For some time friends of mine were saying I had to see the series "Avatar: The Last Airbender." I resisted this because A) it seemed like an anime-esque derivative series, and B) I wasn't overly impressed with Nickelodeon's other series. It seemed like a no-brainer to avoid.
When I finally watched it, I was impressed – an epic adventure, well-done, thought-provoking. Everyone in my apartment had a ball with it – and it also provoked some interesting discussion.
The show in question ran on what is essentially a kid's network, yet had many mature themes (it starts with a genocide for instance. No, really.). It is mostly bloodless, yet there is action. It is family-friendly, but has multiple romantic subplots. My roommate casually remarked that perhaps the limits on the show made the creators and actors stretch themselves.
That idea stuck with me for awhile. I want to take a look at it – because in your geeky career, in your writing, editing, marketing, game development, etc. you may be running into a lot of limits.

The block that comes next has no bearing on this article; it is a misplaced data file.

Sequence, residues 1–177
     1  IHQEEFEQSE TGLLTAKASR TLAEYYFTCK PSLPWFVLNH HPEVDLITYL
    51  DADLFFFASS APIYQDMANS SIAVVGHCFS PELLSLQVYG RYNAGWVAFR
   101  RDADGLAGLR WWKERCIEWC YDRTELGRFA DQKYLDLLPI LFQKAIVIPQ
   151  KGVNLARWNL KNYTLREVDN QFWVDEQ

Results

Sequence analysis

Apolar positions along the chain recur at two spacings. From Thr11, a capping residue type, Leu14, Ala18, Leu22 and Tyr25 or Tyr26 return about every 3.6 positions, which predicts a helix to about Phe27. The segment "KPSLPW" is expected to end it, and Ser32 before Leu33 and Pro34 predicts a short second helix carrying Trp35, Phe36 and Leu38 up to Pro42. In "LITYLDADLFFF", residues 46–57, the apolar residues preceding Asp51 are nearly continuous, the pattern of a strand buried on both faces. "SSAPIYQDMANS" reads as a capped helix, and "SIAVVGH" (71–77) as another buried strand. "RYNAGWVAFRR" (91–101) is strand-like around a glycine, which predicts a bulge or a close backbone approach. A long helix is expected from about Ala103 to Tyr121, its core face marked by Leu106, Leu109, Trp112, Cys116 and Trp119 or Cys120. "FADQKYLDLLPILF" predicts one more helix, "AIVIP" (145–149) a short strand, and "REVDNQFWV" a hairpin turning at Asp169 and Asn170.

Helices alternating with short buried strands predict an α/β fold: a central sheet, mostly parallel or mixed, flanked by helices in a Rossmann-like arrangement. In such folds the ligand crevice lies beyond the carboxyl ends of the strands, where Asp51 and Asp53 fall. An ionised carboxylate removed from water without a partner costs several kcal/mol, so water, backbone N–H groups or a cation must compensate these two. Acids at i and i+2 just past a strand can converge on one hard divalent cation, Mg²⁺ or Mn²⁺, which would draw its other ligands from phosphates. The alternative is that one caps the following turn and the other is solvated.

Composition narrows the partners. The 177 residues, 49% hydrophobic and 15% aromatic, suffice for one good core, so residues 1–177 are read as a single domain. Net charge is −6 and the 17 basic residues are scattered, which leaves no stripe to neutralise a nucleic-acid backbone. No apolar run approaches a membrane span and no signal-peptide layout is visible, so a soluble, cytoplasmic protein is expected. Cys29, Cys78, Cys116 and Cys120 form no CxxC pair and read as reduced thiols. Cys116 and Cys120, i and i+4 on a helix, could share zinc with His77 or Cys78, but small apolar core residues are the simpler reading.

You might be taking them wrong.
In the case of Avatar, an impression I got is that the challenges of keeping a story of genocide, love, religious figures, etc. in a family entertainment vein without making it lame actually pushed the creators farther. They had to pick words and scenes carefully, they had to figure how to present things on multiple levels (such as violence and romance), they had to ask questions about what was "appropriate" (and what made sense). In fact in the series there are moments that mock some of their choices or plot elements, showing an excellent sense of self-awareness.
When I look at a lot of the world of media, games, manga, etc. we often face an insane amount of limits – especially since it appears anyone will develop a hate for your creation based on the flimsiest assumption. That's annoying and irritating.
Maybe we should view such things as a challenge.
Push yourself. Figure ways to deal with the challenges of your market and your audience. Don't give in (it'll just dilute your writing or game or whatever), but explore different ways to do things. Push yourself to get that broad audience AND maintain your integrity. If the world is going to throw challenges at you (even in the annoying forms of weird limits, strange demographics, etc.) why not figure a way to do the most with it?
You may learn something (certainly you'll learn to work around limits that are dropped on you) and it might make you better at what you do.
It's better than complaining. Chances are some of your limits ARE people who are good at complaining.
– Steven Savage